Today I received my copy of Wench, the new novel by Dolen Perkins-Valdez. I really loved this book. (And what a gorgeous cover!)The novel is set at Tawawa House– an actual Ohio resort where white plantation owners vacationed with their enslaved mistresses.
I know that there are some readers who are very tired of the American fixation with slave mistresses. I know know where you are coming from. However, this novel is different. For one thing, Wench is the story of four women who are in the same situation. This is a wonderfully modern twist on the historical novel. The four-friend structure, a sly wink at Terry Mac, allows us to see how different women respond to the conundrum of sexual slavery. Never in all my reading have I ever seen enslaved mistresses talk to each other. (Their conversations will give you a lot to think about.)
One of my favorite scenes is when one of the women is saying how much she liked Tawawa House because “we can spend time with our men.” Another woman says, “You know he’s not your man, don’t you?” A Tawawa House, some women play house with their “master” while others plan escape.
This is a hard book to describe. After reading it, I feel weird using the word “mistress.” I feel like we need a whole new vocabulary. What do you call a woman who is in a sexual relationship with a man who can sell her kids if he feels like it? Are you a “mistress” if you travel to a resort vacation literally in chains? This book is not romantic, nor is it preachy. Dolen wrestles with the truth and doesn’t blink.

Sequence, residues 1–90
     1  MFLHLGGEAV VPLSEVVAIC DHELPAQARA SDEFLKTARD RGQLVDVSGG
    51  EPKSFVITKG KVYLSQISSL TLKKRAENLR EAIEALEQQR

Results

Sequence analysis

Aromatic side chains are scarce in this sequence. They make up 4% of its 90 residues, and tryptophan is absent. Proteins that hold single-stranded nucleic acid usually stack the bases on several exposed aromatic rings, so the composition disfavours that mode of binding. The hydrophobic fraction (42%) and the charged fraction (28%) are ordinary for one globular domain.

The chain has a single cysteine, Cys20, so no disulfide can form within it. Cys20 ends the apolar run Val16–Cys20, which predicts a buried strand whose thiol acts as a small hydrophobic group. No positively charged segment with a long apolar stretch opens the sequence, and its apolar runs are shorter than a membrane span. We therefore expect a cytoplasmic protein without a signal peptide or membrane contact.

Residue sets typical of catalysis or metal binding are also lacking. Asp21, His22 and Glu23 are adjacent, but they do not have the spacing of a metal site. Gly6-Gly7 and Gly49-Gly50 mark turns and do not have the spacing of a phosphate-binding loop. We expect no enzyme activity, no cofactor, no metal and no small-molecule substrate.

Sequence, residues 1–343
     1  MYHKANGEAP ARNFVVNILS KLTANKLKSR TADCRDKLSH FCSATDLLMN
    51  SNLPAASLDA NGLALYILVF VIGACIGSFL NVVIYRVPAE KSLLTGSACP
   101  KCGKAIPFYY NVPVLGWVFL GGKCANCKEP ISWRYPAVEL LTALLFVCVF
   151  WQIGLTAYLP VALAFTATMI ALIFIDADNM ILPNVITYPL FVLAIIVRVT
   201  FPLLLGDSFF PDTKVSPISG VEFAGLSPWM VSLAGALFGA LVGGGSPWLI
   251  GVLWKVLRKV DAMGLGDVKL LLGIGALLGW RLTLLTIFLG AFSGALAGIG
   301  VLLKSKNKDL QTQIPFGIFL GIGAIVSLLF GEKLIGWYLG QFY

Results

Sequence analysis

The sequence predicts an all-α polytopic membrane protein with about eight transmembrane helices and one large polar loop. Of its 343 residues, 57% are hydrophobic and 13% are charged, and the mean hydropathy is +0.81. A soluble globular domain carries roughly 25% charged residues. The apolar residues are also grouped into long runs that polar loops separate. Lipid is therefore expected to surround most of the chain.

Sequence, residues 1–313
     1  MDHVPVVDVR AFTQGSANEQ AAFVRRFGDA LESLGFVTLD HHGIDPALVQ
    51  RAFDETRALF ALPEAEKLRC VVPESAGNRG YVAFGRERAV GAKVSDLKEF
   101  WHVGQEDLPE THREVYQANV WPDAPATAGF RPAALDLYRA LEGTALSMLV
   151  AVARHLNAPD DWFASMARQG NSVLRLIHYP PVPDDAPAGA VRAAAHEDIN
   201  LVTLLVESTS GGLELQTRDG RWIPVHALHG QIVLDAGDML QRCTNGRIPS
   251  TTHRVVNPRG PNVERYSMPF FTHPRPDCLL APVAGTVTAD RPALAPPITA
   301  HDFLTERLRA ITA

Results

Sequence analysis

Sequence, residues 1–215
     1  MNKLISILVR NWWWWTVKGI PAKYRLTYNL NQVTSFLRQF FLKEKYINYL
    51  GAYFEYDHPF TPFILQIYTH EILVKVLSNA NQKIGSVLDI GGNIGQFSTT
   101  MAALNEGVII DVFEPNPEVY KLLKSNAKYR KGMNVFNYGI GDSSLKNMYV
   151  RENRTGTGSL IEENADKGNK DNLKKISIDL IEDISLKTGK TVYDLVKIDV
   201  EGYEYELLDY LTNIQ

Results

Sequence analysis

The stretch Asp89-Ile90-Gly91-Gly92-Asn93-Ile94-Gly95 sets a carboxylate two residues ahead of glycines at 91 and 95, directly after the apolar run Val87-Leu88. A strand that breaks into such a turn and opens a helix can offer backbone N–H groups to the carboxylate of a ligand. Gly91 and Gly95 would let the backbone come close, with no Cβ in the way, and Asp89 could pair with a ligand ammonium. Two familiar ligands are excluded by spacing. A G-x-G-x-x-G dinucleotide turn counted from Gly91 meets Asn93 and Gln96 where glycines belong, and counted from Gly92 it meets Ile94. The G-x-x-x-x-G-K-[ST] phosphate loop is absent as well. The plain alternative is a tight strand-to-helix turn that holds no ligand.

The most impressive aspect of this story is Dolen’s way of making you unsure of who is right, and who has the best idea. I read this novel is one greedy gulp. The intellectual in me was intrigued by the historical matter. The philosopher in me was roped in with questions about the nature of freedom and progress.
Finally, the part of me that curls up in a slanket, well she stayed up late at night reading because I just had to know what was going to happen next.
Today, Leslie McGrath handed me a copy of Radha Says, the final volume of poems written by Reetika Vazarani. Leslie and I spoke yesterday about the volume and she offered a copy, so receiving the book wasn’t a surprise. What did surprise me was the chill that crept over my body as handled it. Toward the end of the book are poems written in the poet’s own hand, dated just days before she took her own life and that of her child.